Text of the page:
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Population dynamics of rice planthoppers, Nilaparvata lugens and Sogatella furcifera (Hemiptera, Delphacidae) in Central Vietnam and its effects on their spring migration to China



Population dynamics of rice planthoppers, Nilaparvata lugens and Sogatella furcifera (Hemiptera, Delphacidae) in Central Vietnam and its effects on their spring migration to China



Bulletin of Entomological Research 107(3): 369-381



Rice planthopper (RPH) populations of Nilaparvata lugens and Sogatella furcifera periodically have erupted across Asia. Predicting RPH population dynamics and identifying their source areas are crucial for the management of these migratory pests in China, but the origins of the migrants to temperate and subtropical regions in China remains unclear. In particular, their early migration to China in March and April have not yet been explored due to a lack of research data available from potential source areas, Central Vietnam and Laos. In this study, we examined the population dynamics and migratory paths of N. lugens and S. furcifera in Vietnam and South China in 2012 and 2013. Trajectory modeling showed that in March and April in 2012 and 2013, RPH emigrated from source areas in Central Vietnam where rice was maturing to the Red River Delta and South China. Early migrants originated from Southern Central Vietnam (14-16°N), but later most were from Northern Central Vietnam (16-19°N). Analysis of meteorological and light-trap data from Hepu in April (1977-2013) using generalized linear models showed that immigration increased with precipitation in Southern Central Vietnam in January, but declined with precipitation in Northern Central Vietnam in January. These results determined that the RPH originate from overwintering areas in Central Vietnam, but not from southernmost areas of Vietnam. Winter precipitation, rather than temperature was the most important factor determining the number of RPH migrants. Based on their similar population dynamics and low population densities in Central Vietnam, we further speculated that RPH migrate to track ephemeral food resources whilst simultaneously avoiding predators. Migrations do not seem to be initiated by interspecific competition, overcrowding or host deterioration. Nevertheless, S. furcifera establishes populations earlier than N. lugens South China, perhaps to compensate for interspecific competition. We provide new information that could assist with forecasting outbreaks and implementing control measures against these migratory pests.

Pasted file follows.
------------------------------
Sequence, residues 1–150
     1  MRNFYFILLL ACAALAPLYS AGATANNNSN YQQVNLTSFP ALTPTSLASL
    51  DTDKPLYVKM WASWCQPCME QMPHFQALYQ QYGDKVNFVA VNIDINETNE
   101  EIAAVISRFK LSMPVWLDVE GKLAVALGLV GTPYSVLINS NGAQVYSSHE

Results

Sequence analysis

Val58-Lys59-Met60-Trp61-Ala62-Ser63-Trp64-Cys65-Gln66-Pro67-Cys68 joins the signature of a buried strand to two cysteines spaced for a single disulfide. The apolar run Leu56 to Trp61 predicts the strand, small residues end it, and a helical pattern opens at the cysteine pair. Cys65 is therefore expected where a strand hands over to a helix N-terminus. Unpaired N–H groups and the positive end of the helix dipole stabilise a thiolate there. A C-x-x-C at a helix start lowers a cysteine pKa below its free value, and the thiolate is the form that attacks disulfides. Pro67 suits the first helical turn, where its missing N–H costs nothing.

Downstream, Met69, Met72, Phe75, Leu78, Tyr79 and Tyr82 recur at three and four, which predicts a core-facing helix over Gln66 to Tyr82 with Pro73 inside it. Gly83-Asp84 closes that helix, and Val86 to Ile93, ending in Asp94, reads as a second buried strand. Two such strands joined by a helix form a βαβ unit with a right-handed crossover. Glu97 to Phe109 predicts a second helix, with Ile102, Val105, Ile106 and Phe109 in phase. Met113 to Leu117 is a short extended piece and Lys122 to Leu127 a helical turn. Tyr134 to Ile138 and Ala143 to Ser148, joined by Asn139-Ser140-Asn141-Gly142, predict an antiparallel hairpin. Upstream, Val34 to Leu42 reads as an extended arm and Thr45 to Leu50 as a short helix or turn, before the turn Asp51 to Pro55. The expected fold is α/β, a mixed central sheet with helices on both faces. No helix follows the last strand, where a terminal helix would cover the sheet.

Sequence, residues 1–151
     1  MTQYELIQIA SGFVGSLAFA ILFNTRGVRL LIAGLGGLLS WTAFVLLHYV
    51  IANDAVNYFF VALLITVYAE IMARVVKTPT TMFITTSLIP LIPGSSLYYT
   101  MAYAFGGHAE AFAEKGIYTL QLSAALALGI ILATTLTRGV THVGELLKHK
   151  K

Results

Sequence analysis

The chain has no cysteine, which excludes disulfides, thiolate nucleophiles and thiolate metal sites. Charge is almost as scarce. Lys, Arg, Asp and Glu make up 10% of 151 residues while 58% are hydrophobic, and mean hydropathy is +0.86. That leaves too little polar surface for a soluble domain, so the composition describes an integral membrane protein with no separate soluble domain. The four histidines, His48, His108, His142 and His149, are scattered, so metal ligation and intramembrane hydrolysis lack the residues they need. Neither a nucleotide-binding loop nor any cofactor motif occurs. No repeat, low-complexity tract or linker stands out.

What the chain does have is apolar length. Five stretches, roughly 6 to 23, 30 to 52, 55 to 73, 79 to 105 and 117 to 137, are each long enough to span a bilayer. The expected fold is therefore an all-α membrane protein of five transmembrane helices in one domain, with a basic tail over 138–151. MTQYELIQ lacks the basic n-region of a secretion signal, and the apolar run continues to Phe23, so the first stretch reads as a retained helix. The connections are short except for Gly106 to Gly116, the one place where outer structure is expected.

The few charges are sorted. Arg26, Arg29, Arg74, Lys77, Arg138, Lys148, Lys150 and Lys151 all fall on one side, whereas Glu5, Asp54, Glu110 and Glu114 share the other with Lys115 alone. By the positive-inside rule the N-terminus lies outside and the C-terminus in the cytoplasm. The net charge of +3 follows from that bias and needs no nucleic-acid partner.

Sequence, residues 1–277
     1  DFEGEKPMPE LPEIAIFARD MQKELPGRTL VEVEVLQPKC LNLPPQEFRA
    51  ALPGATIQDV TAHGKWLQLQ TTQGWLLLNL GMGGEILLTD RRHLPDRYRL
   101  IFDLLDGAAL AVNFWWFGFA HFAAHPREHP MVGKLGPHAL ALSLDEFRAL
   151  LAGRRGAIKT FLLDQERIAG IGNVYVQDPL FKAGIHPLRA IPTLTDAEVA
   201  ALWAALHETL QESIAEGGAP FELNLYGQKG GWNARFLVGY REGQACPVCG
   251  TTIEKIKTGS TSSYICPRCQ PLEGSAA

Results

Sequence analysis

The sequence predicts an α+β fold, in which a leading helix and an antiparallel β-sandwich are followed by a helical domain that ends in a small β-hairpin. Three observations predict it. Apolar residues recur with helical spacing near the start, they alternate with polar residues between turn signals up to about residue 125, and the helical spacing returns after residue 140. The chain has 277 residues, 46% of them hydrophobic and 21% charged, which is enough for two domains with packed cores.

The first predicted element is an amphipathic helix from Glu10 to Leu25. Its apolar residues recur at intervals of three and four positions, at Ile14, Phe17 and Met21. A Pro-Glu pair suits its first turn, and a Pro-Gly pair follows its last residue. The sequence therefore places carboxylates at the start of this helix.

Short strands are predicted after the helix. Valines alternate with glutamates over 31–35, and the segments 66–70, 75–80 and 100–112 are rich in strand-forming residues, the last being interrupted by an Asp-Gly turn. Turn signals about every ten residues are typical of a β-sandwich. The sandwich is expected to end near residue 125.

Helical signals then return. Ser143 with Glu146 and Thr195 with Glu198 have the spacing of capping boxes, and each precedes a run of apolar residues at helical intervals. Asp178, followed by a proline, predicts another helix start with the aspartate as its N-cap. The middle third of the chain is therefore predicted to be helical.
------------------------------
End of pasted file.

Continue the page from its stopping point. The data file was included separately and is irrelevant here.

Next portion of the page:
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Accession: 058574440

Download citation: RISBibTeXText

PMID: 27919313

DOI: 10.1017/S0007485316001024


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